Friday, March 13, 2009

Victorious Christian Life

As I was mediating on the teaching of Sanctification, I remembered a conversation I had with Dr. White. I was struggling with the relationship between Justification and Sanctification in the language of a couple of New Testament texts.

So often I hear about the "victorious Christian life". Yet there is only one victorious Christian life. Since we have been freed from sin by that victorious Christian life lived by Christ, many think we are freed from particular sins in our daily living. I am coming to see more and more that that is simply not the case.

Many will see the epistle of 1 John as saying that Christians should no longer sin in the sense of repeating the same sin over and over. Yet I'd like to know what sin that would be? For example, I may struggle with a particular sin such as drunkenness. As A Christian, I may always go to Christ to be forgiven of that particular sin. Perhaps in my walk with Christ, I have been given the power to stop drinking altogether. Does this really mean I have overcome that particular sin?

Over time I have come to see that on the one hand, the Christian loves the law of God and desires to live a godly life because he has been freed from Sin's dominion. On the other hand, the Christian never overcomes anything and sin continually abides in him in some powerful way.

Is this not parallel to the power of the Devil as taught in the New Testament? Christ truly has conquered the Devil at the cross. The New Testament's teaching is that the Devil is bound. Yet is not the Devil also described as a roaring lion seeking to destroy the lives of men?

So now I am wondering about this text and would like to hear from others about this.
Gal 2:20 "I have been crucified with Christ; and it is no longer I who live, but Christ lives in me; and the life which I now live in the flesh I live by faith in the Son of God, who loved me and gave Himself up for me.
Normally when I have read this text, I would have thought that "I live" my life in such a way as to be living for Christ. But now I am seeing something vastly different. It seems to me that Paul is saying that the life he is living is Christ's perfect life. His life is not worth anything. So Paul is looking to another Person's lived life.

To put it another way, it seems to me that Paul is saying that in our union with Christ through faith, Christ's life is the life we live. Not that we are actually doing the things Jesus would do, but that we are trusting the things Jesus did. This is why Paul can say he had been crucified. Obviously Paul was not the one put on the cross. Therefore Paul is speaking of living Christ's life by faith. Christ's perfect life is ours through faith. Therefore, the earthly life Paul lived is set aside as dung, and instead he trusted in Christ's life by faith. That was the life he lived by faith.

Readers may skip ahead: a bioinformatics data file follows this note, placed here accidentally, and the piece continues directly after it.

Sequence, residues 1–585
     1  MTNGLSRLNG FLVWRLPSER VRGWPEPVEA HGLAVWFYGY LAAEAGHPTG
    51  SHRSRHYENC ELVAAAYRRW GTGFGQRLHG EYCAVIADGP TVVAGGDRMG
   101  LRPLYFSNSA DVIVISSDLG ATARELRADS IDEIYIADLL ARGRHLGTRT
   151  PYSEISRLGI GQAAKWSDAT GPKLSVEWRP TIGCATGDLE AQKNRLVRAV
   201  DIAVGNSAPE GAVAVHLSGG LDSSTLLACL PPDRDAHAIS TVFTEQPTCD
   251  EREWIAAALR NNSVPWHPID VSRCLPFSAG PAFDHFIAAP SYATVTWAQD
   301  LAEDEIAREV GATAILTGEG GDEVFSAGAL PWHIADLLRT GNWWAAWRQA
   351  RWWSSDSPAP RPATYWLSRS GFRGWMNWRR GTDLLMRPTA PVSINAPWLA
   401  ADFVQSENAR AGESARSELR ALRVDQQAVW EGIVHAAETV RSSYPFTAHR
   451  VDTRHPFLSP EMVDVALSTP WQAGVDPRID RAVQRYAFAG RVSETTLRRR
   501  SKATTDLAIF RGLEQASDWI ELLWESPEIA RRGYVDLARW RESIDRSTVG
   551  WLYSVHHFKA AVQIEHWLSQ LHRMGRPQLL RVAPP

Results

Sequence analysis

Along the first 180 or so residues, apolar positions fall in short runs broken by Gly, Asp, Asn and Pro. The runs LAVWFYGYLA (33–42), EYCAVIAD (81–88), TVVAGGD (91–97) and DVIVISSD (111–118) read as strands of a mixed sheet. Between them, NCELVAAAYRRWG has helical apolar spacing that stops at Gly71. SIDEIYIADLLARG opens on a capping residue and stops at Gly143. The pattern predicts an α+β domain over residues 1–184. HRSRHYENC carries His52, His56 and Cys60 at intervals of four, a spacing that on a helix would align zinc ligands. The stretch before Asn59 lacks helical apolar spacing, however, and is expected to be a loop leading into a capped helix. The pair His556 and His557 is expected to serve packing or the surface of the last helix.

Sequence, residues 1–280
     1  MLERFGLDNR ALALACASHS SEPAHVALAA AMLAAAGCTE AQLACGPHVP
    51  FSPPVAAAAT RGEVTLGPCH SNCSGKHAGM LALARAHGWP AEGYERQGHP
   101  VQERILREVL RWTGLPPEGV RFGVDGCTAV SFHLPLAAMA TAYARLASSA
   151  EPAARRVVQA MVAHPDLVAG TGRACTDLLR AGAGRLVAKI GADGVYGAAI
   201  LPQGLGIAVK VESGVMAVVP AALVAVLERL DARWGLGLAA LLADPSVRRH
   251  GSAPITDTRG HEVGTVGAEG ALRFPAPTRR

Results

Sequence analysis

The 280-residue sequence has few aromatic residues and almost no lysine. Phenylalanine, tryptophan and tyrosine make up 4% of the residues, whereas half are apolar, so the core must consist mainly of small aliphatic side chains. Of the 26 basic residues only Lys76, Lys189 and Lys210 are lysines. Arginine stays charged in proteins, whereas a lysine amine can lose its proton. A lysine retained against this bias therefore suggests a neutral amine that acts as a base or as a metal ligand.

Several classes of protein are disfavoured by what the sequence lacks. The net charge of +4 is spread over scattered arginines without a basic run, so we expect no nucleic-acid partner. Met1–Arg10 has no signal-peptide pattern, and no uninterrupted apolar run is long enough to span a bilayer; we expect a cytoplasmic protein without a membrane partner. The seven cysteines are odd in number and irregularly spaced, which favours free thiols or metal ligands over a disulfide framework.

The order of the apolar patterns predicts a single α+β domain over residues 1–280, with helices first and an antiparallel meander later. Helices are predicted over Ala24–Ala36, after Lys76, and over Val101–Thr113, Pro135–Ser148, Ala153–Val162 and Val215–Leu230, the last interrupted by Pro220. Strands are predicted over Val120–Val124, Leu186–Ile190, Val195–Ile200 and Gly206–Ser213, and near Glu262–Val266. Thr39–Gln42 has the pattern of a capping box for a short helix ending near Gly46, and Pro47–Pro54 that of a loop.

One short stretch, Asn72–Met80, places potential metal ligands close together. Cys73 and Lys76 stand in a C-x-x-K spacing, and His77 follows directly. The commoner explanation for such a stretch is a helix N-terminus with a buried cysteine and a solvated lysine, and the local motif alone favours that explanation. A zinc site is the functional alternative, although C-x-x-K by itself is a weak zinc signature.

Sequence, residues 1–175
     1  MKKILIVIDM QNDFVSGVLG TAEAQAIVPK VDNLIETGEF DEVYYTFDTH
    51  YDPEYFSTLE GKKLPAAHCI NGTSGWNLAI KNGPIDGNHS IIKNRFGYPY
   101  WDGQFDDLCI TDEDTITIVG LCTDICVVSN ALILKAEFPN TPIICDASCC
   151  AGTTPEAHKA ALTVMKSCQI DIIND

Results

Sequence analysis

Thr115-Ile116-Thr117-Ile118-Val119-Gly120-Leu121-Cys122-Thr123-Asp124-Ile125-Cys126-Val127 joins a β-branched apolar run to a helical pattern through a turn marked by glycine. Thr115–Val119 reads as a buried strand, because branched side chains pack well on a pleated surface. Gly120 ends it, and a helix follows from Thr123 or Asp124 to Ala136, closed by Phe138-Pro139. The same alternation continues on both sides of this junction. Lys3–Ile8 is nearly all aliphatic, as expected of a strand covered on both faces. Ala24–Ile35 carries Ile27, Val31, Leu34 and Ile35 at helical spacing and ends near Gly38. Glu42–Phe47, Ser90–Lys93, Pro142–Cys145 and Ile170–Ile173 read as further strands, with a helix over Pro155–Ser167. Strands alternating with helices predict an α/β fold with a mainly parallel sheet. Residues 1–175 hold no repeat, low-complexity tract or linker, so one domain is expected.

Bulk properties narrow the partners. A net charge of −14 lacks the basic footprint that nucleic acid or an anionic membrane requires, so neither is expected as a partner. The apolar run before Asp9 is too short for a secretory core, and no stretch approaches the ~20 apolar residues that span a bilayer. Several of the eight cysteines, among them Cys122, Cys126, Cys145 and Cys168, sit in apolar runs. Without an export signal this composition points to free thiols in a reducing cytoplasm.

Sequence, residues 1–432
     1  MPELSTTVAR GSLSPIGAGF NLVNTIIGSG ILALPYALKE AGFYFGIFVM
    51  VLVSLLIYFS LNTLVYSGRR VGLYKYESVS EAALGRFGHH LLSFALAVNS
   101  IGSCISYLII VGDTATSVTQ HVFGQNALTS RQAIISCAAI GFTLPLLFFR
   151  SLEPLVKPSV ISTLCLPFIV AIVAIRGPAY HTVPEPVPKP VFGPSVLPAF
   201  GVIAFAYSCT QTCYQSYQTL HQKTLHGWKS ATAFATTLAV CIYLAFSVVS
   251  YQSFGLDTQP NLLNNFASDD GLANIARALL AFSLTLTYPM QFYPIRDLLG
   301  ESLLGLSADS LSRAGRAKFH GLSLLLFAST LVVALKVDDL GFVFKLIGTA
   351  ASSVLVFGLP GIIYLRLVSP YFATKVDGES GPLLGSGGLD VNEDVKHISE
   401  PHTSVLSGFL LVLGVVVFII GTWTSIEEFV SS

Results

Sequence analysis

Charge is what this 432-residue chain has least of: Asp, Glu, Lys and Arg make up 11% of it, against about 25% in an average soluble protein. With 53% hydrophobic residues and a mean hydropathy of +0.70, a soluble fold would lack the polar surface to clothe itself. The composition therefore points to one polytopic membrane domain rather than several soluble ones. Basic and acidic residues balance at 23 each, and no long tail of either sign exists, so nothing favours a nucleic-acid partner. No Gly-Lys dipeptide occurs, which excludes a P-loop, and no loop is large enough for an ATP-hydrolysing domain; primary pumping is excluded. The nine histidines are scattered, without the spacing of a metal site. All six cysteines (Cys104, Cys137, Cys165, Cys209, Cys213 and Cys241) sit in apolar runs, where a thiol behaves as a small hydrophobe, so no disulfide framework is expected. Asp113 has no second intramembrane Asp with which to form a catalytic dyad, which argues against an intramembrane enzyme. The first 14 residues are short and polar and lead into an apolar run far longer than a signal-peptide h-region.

It is precisely when we understand the Gospel as freeing us totally from our current lives will we be able to live at all. We are in union with Christ. Because we are in this union, our lives will at one time be wicked and sinful, and godly as we grow in godliness. So on the one hand, I will always be sinning the same old sins. On the other hand, I will be freed from that same sin to abandon that old man and life.

In conclusion I see the Christian life is truly paradoxical. I think God has purposely left us in this position. The reason being that we must always look to Christ. We must always be coming to Christ. We must always be praying to Christ. We must always be asking for forgiveness. We must always be reminded of the cross.

Soli Deo Gloria


MarieP said...

Howard, interesting post...
I think that we as believers can fall into two extremes: we are legalists or we are antinomians. And the balance is hard to maintain, I know!

One of my pastors is currently preaching through Romans, and he recently preached through chapters 6 and 7.

One of the things that has stuck with me comes from the teaching in chapter 7 about no longer being married to the law but to Christ. He explained that we so often as believers obey the law to serve the law rather than to serve Christ. It's the difference between these two statements:

"Stephanie, I saw an immodest lady while out today, but I didn't lust because, well, I know it's wrong to lust"

"Stephanie, I love you so very much, and I was out today and saw an immodest looking woman. But I thought about you and how much I love you and how it would grieve you if I gave in to the temptation."

So, yes, if we love Christ, we will obey His commandments. But it is service and love to Christ that drives us. The law is still our friend in that sense, but it is neither our master nor our husband (it was us and not the law that died, as Paul says)

MarieP said...
This comment has been removed by the author.
MarieP said...

Here are the pertinent sermons:

"Married to Christ" and "Our conflict with sin" are the two I'd listen to if you can't listen to all of them (though I recommend it!)

The one on our conflict with sin made me want to run away from myself because I realized that sin was closer to me than my own clothing! But then I remembered that, though my flesh is still sinful, I have the Holy Spirit dwelling within me and that one day this flesh will too be redeemed.

Victory through grace- Rom. 6:14

Christ's slave or sin's- Rom. 6:15-23

Married to Christ- Rom. 7:1-6

The law and sin- Rom. 7:7-13

Our conflict with sin- Rom. 7:14-25

Howard Fisher said...

Thanks MarieP.

You are a blessing.